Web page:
Douglas Co. Health: chemical plant fire could have caused inhalation injury

(Omaha, NE) -- The Douglas County Health Department says the possibility of inhalation injuries exist following a chemical plant fire this week.

On Monday, a chemical fire occurred at Nox-Crete Manufacturing, located near 20th Street and Woolworth Avenue. At the time of the fire it was recommended that residents living between 13th and 20th Streets and Leavenworth to Martha Streets be evacuated secondary to the smoke exposure. Nox-Crete has since filed a Notification of Environmental Concern report with the Nebraska Department of Environment and Energy for the hazardous material spill related to the fire.

The Douglas County Health Department says large quantities of acids, bases, and solvents were housed in the building. A complete list of chemicals involved in the fire is not yet available, but the following products have been named to date: mineral spirits, naphtha, and Acid.

DCHD says for the communities that surround the location of the fire, the potential for inhalational injury exists. The health department says inhalational injury is damage to the respiratory tract or lung tissue from heat, smoke, or chemical irritants carried into the airway during inspiration. The severity of injury depends on several factors, including the ignition source, the size and diameter of the particles in the smoke, the duration of the exposure, and the solubility of the gases. Inhalational injury can affect the airways as well as result in systemic toxicity, often secondary to inhalation of carbon monoxide.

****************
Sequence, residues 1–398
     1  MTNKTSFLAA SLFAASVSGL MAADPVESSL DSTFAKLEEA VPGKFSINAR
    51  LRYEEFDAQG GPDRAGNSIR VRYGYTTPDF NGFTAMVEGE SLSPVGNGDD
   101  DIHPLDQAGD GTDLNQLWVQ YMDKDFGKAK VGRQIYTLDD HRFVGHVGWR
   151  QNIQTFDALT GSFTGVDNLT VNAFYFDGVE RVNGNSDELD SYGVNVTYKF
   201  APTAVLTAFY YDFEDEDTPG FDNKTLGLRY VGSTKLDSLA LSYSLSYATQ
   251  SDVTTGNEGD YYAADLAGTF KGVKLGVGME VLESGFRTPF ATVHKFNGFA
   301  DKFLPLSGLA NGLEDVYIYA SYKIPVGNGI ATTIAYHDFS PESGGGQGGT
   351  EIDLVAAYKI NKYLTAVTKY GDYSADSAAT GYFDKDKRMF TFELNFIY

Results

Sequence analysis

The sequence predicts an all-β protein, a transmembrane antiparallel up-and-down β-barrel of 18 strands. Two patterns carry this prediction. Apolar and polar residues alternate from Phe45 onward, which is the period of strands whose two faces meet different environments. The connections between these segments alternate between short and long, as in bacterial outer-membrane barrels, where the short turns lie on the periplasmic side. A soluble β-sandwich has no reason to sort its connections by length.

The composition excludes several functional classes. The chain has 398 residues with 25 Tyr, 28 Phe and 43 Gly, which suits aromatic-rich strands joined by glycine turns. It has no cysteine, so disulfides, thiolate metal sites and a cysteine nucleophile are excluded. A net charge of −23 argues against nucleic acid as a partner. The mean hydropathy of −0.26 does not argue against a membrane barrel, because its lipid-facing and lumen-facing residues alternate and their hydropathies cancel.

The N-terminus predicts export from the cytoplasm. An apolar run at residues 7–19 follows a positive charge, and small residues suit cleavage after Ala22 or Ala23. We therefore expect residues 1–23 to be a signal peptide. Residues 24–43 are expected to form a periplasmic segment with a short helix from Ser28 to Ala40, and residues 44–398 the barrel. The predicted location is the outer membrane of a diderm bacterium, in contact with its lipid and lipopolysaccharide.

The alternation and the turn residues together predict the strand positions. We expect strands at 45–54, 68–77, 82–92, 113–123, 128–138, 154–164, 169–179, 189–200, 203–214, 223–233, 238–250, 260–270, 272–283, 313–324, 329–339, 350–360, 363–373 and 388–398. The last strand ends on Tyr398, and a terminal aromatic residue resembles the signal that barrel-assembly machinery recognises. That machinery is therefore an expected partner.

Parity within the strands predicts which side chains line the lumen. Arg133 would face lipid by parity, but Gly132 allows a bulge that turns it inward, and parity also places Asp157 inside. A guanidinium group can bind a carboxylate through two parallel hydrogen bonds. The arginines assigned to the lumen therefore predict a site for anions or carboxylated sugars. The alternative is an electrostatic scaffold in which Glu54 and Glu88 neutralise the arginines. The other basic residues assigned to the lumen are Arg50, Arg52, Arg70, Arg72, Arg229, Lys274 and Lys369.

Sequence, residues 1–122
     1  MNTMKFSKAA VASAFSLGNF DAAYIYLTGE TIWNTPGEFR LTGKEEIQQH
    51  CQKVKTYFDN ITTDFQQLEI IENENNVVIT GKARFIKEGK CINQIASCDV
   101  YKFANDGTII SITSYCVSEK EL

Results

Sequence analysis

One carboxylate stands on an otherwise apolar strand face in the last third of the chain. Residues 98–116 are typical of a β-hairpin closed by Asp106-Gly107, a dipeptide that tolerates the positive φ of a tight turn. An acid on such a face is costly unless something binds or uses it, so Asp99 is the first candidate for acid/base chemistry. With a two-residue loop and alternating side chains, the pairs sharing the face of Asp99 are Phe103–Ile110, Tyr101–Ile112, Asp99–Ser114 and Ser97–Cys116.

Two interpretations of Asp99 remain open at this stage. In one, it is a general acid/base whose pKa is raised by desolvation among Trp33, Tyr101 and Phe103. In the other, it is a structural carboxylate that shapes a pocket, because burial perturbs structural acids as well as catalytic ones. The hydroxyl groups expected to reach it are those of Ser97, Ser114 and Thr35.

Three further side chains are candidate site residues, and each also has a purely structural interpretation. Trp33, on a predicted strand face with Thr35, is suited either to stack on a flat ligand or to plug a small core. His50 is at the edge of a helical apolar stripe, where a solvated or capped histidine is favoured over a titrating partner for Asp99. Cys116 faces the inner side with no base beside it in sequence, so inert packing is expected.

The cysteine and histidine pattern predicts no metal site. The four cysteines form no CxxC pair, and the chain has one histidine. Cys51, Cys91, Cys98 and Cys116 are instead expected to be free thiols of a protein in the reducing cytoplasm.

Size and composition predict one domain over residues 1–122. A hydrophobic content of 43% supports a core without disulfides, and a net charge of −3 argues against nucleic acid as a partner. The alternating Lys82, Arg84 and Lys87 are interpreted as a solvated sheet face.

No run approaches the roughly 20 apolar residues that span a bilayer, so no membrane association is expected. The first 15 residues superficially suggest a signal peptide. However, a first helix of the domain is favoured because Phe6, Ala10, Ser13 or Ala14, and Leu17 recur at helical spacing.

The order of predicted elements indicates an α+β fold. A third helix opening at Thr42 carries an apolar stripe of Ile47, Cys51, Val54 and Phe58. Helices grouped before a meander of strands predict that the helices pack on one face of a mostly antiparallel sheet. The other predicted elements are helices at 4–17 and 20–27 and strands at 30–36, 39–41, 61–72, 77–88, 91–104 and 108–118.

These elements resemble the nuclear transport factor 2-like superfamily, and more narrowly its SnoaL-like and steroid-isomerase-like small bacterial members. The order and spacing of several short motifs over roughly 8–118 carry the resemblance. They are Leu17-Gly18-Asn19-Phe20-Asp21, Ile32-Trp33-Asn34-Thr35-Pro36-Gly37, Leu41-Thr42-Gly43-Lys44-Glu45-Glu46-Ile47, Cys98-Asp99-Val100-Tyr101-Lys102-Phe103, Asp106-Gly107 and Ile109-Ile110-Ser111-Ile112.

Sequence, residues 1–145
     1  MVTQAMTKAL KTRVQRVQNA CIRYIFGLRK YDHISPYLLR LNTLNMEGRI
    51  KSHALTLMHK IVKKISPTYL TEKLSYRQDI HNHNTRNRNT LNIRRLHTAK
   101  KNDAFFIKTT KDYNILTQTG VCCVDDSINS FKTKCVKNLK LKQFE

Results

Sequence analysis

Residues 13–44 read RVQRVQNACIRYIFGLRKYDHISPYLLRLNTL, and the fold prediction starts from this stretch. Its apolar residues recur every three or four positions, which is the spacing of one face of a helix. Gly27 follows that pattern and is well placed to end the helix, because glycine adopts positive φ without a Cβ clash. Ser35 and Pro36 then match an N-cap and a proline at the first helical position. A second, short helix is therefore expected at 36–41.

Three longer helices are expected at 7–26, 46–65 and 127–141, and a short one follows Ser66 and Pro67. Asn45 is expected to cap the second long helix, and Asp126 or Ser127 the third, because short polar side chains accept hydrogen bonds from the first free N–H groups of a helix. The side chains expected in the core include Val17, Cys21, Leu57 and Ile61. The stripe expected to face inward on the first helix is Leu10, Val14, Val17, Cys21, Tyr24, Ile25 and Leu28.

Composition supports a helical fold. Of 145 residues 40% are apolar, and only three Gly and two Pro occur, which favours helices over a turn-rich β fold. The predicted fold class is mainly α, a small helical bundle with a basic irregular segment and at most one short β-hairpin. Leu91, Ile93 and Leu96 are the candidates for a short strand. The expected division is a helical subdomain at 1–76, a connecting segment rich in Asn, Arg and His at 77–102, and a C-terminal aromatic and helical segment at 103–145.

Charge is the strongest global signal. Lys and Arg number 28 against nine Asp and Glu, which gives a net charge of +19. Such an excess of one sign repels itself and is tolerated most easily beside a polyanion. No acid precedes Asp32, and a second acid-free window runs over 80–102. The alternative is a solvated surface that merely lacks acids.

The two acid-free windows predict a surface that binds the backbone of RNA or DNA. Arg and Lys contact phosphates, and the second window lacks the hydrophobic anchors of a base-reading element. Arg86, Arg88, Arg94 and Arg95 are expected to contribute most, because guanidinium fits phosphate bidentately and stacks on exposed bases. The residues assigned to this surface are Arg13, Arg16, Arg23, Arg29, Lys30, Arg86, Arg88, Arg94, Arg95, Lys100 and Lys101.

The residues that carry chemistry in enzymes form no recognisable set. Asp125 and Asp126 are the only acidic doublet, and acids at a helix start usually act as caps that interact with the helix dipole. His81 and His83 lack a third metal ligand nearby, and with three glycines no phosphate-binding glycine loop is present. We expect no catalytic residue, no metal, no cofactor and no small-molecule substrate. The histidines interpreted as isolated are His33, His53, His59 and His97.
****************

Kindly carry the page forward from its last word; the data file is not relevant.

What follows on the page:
The health department says once exposure stops, symptoms from inhaling carbon monoxide or fine particles generally diminish but may last for a couple of days. Anyone with persisting or frequent symptoms that they believe are associated with the smoke exposure are being encouraged to see their health care provider, with supportive symptomatic treatment generally recommended. The Douglas County Health Department says it is currently not aware of any specific air quality concerns following the fire.

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